The Kraft Pulp Process
The essential elements for making kraft pulp are wood fibre, water, chemicals and heat. We make kraft pulp by mixing wood fibres with a solution of caustic soda and sodium sulphide, and cooking them inside a digester. This separates the fibres from the lignin, which is a natural glue-like substance that binds them together. Our production facilities are designed to recover and reuse much of the water, chemicals and steam used in the process.
Paper Excellence sells its kraft pulp externally to customers around the world. Some of Paper Excellence’s Canadian mills also produce a type of mechanical pulp, referred to as thermo-mechanical pulp or TMP, for use in making their own paper products (see How We Make Paper). Our Meadow Lake mill makes Bleached Chemi Thermal Mechanical Pulp (BCTMP) which is a hybrid of kraft and TMP.Meadow Lake Mill
The fibre we use to make kraft pulp is mainly made up of leftovers from lumber mills. These wood chips and shavings were once considered waste and sent to landfills or burned. We match tree species and other pulp characteristics with customers’ end-use requirements, and control blending and bleaching to exacting specifications.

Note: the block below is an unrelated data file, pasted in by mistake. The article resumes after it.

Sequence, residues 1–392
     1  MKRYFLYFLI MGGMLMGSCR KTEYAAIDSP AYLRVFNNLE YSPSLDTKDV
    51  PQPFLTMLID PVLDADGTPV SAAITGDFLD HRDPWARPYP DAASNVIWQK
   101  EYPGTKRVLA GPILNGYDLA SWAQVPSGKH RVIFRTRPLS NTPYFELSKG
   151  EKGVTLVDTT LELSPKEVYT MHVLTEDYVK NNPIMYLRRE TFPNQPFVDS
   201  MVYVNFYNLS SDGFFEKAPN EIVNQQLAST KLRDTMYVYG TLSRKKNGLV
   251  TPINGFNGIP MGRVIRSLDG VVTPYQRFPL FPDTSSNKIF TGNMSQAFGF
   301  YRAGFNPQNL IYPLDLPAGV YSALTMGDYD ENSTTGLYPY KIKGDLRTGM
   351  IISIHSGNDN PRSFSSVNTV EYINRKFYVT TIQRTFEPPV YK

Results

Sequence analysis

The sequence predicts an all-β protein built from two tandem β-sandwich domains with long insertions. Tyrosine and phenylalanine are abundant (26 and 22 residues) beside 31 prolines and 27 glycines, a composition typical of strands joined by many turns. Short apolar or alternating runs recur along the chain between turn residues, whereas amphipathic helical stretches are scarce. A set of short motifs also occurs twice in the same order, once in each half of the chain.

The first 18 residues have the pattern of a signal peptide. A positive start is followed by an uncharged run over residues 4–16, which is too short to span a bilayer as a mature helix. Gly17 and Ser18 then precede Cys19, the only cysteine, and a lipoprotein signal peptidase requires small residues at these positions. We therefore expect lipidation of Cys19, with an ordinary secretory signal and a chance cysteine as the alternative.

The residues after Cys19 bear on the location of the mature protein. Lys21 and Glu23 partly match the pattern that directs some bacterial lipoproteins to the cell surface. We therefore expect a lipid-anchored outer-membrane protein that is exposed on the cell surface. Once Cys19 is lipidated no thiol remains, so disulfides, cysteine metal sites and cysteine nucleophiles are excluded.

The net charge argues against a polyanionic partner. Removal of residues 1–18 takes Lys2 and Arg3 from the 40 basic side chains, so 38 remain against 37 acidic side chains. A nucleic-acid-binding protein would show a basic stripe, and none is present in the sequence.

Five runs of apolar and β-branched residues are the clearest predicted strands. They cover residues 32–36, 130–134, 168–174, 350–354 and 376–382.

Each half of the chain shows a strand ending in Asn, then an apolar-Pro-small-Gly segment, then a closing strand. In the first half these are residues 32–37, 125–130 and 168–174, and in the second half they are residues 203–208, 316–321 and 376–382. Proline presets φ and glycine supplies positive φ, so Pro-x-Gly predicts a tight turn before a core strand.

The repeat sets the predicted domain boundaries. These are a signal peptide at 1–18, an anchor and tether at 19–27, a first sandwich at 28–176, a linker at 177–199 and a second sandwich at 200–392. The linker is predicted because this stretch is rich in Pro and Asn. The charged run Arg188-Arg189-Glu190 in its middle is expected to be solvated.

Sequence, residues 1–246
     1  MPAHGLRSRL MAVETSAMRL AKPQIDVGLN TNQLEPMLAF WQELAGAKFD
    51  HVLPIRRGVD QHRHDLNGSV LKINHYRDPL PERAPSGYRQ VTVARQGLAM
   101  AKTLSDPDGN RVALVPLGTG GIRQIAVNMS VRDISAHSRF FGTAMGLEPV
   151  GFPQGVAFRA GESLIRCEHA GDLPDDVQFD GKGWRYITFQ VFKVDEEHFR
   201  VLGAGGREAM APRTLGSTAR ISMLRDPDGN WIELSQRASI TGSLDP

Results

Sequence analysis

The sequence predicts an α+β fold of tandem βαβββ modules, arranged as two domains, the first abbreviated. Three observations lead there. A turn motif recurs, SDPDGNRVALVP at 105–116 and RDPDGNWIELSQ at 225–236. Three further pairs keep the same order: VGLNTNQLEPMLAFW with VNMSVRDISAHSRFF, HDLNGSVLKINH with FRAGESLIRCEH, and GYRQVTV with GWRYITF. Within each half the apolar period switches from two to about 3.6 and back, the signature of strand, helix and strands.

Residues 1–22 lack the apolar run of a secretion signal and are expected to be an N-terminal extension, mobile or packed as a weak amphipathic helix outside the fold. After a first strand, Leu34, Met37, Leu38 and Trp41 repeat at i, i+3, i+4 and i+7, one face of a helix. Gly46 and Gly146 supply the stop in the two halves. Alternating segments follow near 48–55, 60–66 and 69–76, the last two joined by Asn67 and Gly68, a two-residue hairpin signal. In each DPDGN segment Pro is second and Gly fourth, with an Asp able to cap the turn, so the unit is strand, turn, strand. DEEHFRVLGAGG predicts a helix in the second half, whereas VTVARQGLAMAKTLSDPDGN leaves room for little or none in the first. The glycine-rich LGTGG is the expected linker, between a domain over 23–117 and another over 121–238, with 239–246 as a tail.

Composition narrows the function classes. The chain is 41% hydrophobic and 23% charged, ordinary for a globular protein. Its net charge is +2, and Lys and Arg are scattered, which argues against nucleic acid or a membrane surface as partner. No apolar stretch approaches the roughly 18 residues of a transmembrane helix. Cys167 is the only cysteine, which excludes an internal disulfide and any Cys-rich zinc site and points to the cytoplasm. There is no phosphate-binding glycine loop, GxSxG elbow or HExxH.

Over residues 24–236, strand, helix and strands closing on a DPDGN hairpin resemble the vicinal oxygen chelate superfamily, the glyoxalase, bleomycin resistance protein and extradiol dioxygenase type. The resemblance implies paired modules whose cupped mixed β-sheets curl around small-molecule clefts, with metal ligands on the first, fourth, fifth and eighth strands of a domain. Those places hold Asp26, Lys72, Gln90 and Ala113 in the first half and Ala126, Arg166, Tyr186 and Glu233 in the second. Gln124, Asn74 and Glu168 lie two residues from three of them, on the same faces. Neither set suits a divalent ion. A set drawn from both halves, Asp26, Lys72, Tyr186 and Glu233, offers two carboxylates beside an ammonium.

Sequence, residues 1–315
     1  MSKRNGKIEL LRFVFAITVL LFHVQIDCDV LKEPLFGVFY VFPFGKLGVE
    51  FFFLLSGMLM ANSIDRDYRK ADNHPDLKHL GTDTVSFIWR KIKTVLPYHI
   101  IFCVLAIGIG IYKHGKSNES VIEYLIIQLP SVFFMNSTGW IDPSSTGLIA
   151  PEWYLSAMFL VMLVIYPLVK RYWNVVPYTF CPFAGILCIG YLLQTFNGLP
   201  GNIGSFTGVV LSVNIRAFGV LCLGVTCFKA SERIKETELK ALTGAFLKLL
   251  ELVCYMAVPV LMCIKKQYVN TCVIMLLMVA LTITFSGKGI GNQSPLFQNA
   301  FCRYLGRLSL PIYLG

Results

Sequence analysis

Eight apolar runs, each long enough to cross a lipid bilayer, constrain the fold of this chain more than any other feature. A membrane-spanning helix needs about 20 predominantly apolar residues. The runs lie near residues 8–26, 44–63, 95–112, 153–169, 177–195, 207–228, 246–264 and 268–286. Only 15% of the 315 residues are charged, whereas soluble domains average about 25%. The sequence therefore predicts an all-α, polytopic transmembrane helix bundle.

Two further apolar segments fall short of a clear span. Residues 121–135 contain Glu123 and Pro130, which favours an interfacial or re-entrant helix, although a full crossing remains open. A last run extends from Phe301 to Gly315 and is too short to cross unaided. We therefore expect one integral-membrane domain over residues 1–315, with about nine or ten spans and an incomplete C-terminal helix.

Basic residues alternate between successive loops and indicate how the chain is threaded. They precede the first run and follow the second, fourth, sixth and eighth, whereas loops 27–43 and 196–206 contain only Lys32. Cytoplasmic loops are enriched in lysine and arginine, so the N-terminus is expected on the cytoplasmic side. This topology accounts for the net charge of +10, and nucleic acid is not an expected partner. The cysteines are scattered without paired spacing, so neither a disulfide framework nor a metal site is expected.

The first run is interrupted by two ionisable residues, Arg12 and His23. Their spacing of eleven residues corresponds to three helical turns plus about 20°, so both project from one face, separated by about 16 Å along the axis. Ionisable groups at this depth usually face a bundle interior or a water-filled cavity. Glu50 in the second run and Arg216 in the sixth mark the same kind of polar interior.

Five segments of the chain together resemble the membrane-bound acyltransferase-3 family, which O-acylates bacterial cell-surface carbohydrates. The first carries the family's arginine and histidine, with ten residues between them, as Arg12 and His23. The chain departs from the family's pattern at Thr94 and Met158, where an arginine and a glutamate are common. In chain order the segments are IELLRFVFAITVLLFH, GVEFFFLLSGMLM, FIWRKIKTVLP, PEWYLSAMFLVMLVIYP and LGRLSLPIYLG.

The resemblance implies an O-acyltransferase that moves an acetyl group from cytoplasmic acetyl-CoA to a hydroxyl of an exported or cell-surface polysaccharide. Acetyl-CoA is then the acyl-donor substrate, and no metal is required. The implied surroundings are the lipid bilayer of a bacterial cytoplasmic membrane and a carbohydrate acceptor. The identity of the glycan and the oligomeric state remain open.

PUTTING SAWMILL LEFTOVERS TO USE
As with all products from our Canadian mills, our kraft pulp is made from responsibly sourced fibre and in facilities that have achieved sector-leading greenhouse gas reductions. We use a lower-impact elemental chlorine-free bleaching process. And with our chain-of-custody systems (using FSC®, PEFC™ and SFI®) we can provide pulp that is certified as originating from sustainably managed forests for those customers wishing additional assurance.